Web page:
Source: http://www.springerlink.com/content/x72606120q4jr821/?p=6bc7e479b122424e9e45d90de03d4bbb&pi=0

The predictive effect of fear-avoidance beliefs on low back pain among newly qualified health care workers with and without previous low back pain: a prospective cohort study

Health care workers have a high prevalence of low back pain (LBP). Although physical exposures in the working environment are linked to an increased risk of LBP, it has been suggested that individual coping strategies, for example fear-avoidance beliefs, could also be important in the development and maintenance of LBP. Accordingly, the main objective of this study was to examine (1) the association between physical work load and LBP, (2) the predictive effect of fear-avoidance beliefs on the development of LBP, and (3) the moderating effect of fear-avoidance beliefs on the association between physical work load and LBP among cases with and without previous LBP. A questionnaire survey among 5696 newly qualified health care workers who completed a baseline questionnaire shortly before completing their education and a follow-up questionnaire 12 months later. Participants were selected on the following criteria: (a) being female, (b) working in the health care sector (n = 2677). Multinomial logistic regression analysis was used to evaluate the effect of physical work load and fear-avoidance beliefs on the severity of LBP. For those with previous LBP, physical work load has an importance, but not among those without previous LBP. In relation to fear-avoidance beliefs, there is a positive relation between it and LBP of than 30 days in both groups, i.e. those without and with previous LBP. No moderating effect of fear-avoidance beliefs on the association between physical work load and LBP was found among cases with and without LBP. Both physical work load and fear-avoidance beliefs matters in those with previous LBP. Only fear-avoidance beliefs matters in those without previous LBP. The study did not find a moderating effect of fear-avoidance beliefs on the association between physical work load and LBP.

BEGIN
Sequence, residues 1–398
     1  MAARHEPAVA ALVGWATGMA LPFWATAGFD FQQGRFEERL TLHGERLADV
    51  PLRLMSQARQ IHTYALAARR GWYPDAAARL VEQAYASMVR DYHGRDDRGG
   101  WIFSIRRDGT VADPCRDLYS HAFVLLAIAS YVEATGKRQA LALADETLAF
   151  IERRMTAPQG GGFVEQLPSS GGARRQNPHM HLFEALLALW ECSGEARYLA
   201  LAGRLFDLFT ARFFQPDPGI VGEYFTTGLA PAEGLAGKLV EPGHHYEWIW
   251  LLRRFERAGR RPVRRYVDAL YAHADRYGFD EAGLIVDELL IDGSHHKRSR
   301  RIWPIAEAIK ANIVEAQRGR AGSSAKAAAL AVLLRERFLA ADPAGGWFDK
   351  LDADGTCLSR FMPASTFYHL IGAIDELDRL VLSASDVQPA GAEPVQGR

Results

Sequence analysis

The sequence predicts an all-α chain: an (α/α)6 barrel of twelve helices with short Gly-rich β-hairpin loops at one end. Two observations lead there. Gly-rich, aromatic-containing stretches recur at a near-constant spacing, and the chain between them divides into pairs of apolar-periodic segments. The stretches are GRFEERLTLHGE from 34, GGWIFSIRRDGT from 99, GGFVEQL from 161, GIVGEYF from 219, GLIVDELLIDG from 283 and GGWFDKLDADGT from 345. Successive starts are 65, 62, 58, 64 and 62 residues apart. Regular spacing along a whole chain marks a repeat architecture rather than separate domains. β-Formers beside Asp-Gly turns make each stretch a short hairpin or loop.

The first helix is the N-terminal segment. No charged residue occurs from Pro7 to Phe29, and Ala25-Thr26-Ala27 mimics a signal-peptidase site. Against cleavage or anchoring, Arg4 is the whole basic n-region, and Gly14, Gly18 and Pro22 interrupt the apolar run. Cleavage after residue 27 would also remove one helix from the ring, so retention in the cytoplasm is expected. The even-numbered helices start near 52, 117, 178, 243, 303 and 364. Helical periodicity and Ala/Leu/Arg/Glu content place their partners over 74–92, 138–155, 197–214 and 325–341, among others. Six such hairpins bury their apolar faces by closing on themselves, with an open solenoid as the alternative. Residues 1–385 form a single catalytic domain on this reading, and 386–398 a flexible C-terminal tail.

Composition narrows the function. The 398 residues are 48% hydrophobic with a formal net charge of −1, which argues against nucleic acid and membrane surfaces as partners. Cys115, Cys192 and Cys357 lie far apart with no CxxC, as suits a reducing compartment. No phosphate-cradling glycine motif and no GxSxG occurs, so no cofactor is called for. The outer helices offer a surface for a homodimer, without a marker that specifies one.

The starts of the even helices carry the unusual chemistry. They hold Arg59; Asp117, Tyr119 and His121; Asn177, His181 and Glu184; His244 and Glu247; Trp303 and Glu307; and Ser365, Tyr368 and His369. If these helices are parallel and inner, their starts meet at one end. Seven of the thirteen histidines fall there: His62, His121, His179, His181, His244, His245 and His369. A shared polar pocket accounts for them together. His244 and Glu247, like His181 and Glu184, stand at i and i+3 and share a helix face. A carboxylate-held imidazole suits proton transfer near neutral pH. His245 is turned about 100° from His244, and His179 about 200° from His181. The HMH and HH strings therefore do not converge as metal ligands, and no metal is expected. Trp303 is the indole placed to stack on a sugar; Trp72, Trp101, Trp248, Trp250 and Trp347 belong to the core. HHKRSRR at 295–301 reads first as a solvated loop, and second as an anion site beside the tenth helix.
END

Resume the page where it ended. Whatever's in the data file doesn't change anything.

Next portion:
Source: http://www.biomedcentral.com/1471-2474/10/117

Disruption, disbelief and resistance: A meta-synthesis of disability in the workplace

This article presents the findings from a meta-synthesis of qualitative research on the experiences of persons with disabilities in the workplace. The purpose of this review was to explore how organizational culture influences the experiences of people with disabilities in the workplace, and the impact of disability on organizational culture. Findings from seven qualitative peer-reviewed studies on the experiences of people with disabilities at work and organizational culture published between 1995 and 2006 were synthesized using the meta-ethnography approach. The findings highlight how experiences of people with disabilities and organizational culture intersect in the workplace. Specifically, accessibility in the workplace involves more than removing physical barriers. People with disabilities are affected by the degree of acceptance and flexibility in the workplace, and relationships with co-workers and supervisors. However, the presence of disability may be perceived as disruptive to the organization, operation and structure of the workplace, resulting in disbelief and resistance. The findings suggest that attention and resources should be directed supporting the implementation of disability and human rights legislation and increasing tolerance for diversity in the workplace.

Source: http://iospress.metapress.com/content/h63470821vvm77q8/?p=52b9ab193e0848939f0bbcd7491cd328&pi=4

Disruption, disbelief and resistance: A meta-synthesis of disability in the workplace